Whether we like it or not, at one level HBU is a business. The various departments and schools submitted budgets a while ago, and soon we will hear from the upper levels of the administration at least some of what will be approved: namely, faculty (or at least all retained faculty) will receive their contracts for next year. For most a year will be added onto a two or three year contract; some will find a one or two year contract has turned into two or three year contract. And it is possible that some will discover that they will not be retained after their present contract runs out. The average faculty person probably finds this process is routine. They assume that another year will be added to their contract and are more interested in what courses they will be teaching and when they will be teaching them, which are school or department issues rather than concerns for the upper administrative levels. But for some there is a bit of anxiety. I noted this anxiety recently when one faculty member asked me, “What would you do if your contract were not renewed?” I do not know why he asked me in particular that question, perhaps because my title is “visiting professor” or perhaps because I am an Anabaptist-oriented Episcopalian priest in the midst of a department that is virtually all Baptist, but for whatever reason, it was asked. I replied (in somewhat stronger language than I use here) that I would not care.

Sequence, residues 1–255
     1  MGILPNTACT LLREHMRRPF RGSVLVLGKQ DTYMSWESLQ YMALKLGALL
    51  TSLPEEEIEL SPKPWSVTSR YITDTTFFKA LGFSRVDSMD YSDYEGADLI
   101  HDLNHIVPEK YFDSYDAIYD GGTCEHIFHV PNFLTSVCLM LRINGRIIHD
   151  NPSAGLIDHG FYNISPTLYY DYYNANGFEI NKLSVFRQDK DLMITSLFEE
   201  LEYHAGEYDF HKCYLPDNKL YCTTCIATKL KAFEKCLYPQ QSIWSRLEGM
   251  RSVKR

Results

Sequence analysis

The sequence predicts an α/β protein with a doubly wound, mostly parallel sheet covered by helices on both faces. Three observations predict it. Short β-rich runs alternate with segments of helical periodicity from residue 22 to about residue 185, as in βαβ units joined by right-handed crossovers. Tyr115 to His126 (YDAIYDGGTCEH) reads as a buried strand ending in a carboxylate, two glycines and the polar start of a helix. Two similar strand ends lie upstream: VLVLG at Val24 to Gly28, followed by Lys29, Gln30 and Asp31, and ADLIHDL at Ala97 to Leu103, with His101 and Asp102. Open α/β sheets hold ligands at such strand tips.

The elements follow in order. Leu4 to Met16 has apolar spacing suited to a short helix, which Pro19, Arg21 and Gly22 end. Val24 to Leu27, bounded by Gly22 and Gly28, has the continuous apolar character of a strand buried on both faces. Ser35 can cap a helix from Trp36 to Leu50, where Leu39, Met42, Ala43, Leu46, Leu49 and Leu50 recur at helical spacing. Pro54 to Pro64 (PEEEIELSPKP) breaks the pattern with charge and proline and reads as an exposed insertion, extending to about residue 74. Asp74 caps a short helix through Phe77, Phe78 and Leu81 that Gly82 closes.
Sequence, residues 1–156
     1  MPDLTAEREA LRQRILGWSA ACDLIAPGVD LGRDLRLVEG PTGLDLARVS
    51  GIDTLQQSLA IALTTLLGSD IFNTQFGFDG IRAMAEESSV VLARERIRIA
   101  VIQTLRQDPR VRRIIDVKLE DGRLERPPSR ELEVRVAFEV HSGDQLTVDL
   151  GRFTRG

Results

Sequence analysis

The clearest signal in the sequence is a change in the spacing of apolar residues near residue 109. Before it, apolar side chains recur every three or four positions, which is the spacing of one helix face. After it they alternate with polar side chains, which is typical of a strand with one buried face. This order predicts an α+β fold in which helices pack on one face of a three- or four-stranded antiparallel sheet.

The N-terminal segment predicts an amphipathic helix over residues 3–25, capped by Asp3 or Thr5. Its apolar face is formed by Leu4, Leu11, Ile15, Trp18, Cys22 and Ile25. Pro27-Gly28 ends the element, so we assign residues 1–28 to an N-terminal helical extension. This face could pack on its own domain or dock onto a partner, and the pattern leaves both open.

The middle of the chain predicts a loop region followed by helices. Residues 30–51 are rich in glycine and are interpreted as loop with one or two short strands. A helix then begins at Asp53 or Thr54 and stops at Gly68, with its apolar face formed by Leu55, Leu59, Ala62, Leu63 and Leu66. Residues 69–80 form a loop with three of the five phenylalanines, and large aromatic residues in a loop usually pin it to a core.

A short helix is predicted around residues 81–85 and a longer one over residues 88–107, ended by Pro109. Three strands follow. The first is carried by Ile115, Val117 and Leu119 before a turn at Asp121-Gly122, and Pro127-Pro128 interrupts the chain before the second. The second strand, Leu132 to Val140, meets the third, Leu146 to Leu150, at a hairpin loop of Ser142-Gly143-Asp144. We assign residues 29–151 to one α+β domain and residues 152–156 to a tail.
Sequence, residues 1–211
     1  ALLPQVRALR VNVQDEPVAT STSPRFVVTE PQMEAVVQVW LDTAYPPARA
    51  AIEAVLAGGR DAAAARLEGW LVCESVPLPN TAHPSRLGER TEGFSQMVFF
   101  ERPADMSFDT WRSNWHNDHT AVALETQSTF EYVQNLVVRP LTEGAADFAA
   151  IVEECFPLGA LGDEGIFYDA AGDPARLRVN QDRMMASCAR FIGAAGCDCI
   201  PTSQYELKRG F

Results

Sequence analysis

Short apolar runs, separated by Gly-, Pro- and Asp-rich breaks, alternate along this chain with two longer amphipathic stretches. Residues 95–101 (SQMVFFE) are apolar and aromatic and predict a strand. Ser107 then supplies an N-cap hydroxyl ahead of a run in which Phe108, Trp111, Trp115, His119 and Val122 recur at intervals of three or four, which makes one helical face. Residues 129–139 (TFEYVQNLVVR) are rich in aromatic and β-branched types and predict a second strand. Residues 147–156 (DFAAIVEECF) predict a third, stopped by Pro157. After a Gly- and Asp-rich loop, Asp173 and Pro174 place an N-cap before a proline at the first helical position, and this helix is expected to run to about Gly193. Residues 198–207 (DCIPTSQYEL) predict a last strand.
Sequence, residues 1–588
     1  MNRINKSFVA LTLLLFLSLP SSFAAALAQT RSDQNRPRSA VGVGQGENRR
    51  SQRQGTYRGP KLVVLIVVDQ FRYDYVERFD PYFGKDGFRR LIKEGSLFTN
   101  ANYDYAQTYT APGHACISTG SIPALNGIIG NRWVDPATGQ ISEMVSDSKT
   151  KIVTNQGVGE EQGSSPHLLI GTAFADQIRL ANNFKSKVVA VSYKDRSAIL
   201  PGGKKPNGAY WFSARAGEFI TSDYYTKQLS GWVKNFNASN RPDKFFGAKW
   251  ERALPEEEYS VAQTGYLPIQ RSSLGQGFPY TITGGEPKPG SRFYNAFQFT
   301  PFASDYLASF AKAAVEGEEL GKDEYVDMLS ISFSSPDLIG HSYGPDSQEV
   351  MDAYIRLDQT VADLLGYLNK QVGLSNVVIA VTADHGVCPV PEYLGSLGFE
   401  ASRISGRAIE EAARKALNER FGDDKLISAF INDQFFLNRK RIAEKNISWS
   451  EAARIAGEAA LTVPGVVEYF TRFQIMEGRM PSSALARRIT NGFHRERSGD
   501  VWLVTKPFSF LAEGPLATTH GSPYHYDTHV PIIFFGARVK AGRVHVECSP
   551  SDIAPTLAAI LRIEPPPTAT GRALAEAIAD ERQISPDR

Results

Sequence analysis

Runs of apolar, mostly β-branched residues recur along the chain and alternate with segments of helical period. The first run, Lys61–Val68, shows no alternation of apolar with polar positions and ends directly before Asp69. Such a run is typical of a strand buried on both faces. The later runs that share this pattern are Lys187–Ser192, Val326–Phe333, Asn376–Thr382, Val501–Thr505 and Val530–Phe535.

There is a lot behind that “not caring.” It is not that I would not miss the camaraderie, support and friendship of the people I work with. I deeply enjoy my colleagues and would miss not being around them. Nor is it that I am not committed to the mission of HBU and my teaching in particular. Rather, it is because, in a sense I do not work for HBU, for my teaching is a vocation, not a job. It is this sense of vocatio that I was expressing, not a lack of commitment to those who make up the institution where I work (which, practically speaking, mostly means my department). This is vocation because, you see, I did not start to teach Bible and theology because I wanted to or thought it would be a good job. I trained as a pastor and scholar and started to teach because I knew without the shadow of a doubt that God had spoken to me and called me to do precisely that. Thus my slogan is and has been, “Biblical studies for the good of the church.” That means that while I do try to fulfill institutional requirements as best as I can and will take pride in HBU and its accomplishments, I do not really work for the institution. I work for God. And if God still wants me to work for HBU, I shall be offered a renewed contract and have the inner sense that I should accept it, but if God wants me to work elsewhere I either shall not be offered a contract or I will have the inner sense that I should refuse what I am offered. In either scenario, I will not have changed my “employer,” for God remains my employer, and this would even be true if he should call me to something other than teaching Bible – it would still be a vocation, for it would still be his call. Furthermore, I am in the same vocation whether teaching at HBU, teaching in another theological institution, or teaching in the church (which, along with the discipline of simplicity, is one reason I often wear a clerical collar while teaching in a Baptist university). I am in same vocation whether commuting to my office or taking care of any of the many details at home that are necessary if I am going to be fulfilling my vocation. And I hope my colleagues at HBU have the similar sense of divine vocation whether they teach chemistry or business or literature or whether they care for the grounds or keep the buildings functioning. There is no boundary between church and “world” – it is all one vocation, in my case having to do (at its core) with Bible, and, in the case of others having to do with some other thing that God wants done in the world.